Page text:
Vegan Butter: Is It More Climate-Friendly Than Real Butter?

“Everything in butter” is a well-known saying. If we look into our own kitchen, we quickly realize that butter is everywhere. If you are looking for plant-based alternatives, you will now find a whole range of offers. We’ll tell you how to recognize the butter alternatives and whether vegan butter is actually more climate-friendly than the original.

Butter is one of the staple foods in many households. However, the milk product is not climate-friendly.
Producing one kilogram of butter produces a whopping 24 kilograms of CO².
A better choice are vegan butter alternatives based on vegetable oils and fats.
We use butter in a variety of dishes every day. It comes on the breakfast roll, in the cake batter or for frying in the pan. But like all dairy products, butter is often criticized. In addition to the ethical problems of factory farming, there is also the question of what effects butter has on climate change.

Butter has a bad climate footprint

The animal rights organization PETA writes on its website that butter is one of the most climate-damaging foods of all. The reason: the equivalent of around 18 kilograms of milk is needed to produce one kilogram of butter. In turn, this means that we have to keep a lot of dairy cows for our butter consumption, which at the same time produce a lot of climate-damaging methane gas. The ecological footprint of butter is increased by the manufacturing process, packaging, transport and the energy-intensive cold chains. Something comes together, namely about 24 kilograms of CO² per kilogram of butter.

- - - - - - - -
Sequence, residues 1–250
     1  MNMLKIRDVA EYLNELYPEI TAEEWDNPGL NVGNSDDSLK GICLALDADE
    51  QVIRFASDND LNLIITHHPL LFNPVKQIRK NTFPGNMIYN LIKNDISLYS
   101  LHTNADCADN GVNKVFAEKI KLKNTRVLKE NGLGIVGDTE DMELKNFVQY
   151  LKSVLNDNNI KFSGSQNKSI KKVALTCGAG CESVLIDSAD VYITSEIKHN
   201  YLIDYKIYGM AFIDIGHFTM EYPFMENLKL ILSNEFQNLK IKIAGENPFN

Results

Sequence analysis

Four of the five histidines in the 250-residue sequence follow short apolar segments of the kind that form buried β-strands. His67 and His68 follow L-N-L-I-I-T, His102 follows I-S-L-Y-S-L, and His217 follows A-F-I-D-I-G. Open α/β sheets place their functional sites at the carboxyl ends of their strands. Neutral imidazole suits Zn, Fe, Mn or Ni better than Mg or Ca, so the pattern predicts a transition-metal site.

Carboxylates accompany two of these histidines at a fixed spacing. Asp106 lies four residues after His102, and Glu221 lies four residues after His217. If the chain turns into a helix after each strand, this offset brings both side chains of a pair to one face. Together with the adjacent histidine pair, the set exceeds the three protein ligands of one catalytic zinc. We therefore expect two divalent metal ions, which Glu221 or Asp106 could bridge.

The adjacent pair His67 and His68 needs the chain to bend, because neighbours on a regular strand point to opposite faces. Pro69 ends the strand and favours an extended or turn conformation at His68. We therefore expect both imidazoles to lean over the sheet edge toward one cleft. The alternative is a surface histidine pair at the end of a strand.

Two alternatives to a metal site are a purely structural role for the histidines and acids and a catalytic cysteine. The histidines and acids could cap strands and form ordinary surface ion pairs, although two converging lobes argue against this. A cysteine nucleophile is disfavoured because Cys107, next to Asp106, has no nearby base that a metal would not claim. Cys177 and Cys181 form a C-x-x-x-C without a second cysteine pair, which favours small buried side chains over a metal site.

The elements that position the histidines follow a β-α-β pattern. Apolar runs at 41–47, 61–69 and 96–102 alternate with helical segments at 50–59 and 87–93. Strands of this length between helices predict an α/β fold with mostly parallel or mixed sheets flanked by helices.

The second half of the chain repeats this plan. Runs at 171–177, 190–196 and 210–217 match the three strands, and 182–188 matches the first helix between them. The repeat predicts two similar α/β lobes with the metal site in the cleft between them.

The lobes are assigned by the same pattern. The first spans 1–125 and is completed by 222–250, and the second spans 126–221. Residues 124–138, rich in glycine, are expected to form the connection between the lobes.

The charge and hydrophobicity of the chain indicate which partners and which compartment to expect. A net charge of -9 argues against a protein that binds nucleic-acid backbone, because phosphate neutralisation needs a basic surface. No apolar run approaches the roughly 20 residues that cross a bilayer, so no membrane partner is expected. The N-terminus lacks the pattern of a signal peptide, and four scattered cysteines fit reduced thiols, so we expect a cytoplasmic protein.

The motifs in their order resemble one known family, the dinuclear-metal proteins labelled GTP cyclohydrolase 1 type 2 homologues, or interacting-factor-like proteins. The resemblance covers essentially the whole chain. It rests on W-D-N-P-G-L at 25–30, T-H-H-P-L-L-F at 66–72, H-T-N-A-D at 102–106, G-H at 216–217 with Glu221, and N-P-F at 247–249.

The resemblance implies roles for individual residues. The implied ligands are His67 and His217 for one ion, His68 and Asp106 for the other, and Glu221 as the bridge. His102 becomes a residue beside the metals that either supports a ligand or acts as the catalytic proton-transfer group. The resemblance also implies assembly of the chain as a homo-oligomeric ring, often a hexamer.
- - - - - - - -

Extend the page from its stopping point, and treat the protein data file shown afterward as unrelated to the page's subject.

Vegan Butter: What’s in It?

Vegan butter alternatives based on vegetable fats are said to be less harmful to the environment. They usually contain a mixture of vegetable oils such as rapeseed, sun or linseed oil and vegetable fats such as coconut or palm fat. In addition, there is water, salt, emulsifiers and flavorings as well as vitamins and colorings for some varieties. Legally, the vegan alternatives cannot be called “butter”. That’s why you can find it in the supermarket under the name “vegetable margarine”.

But beware, not every margarine is automatically vegan. There are also variants that contain dairy products, fish oil or beef tallow. A look at the list of ingredients provides clarity. Vegan products are often also marked with a special seal, such as the green V. Incidentally, alternatives based on rapeseed and linseed oil are particularly recommended, as they contain many healthy omega-3 fatty acids.

The carbon footprint of vegan butter alternatives

But how climate-friendly is vegetable margarine actually? According to a study from 2010, the production of one kilogram of margarine produces around 0.7 kilograms of CO². That is considerably less than when making butter. In addition, the production of margarine requires about 50 percent less land area than butter, since the cultivation of oil crops requires less land than the cultivation of animal feed for cows.

On the other hand, the fact that many products contain palm oil is bad for the climate balance of margarine. Because large parts of the rainforest are cleared for palm oil production. If you don’t want to support this, take a look at the list of ingredients before you buy. Because palm oil is subject to labelling.

By the way: If you want to make vegan butter yourself, you will find a wide range of recipes on the Internet. All it takes is coconut oil, linseed or rapeseed oil, some soy milk and turmeric for the color.

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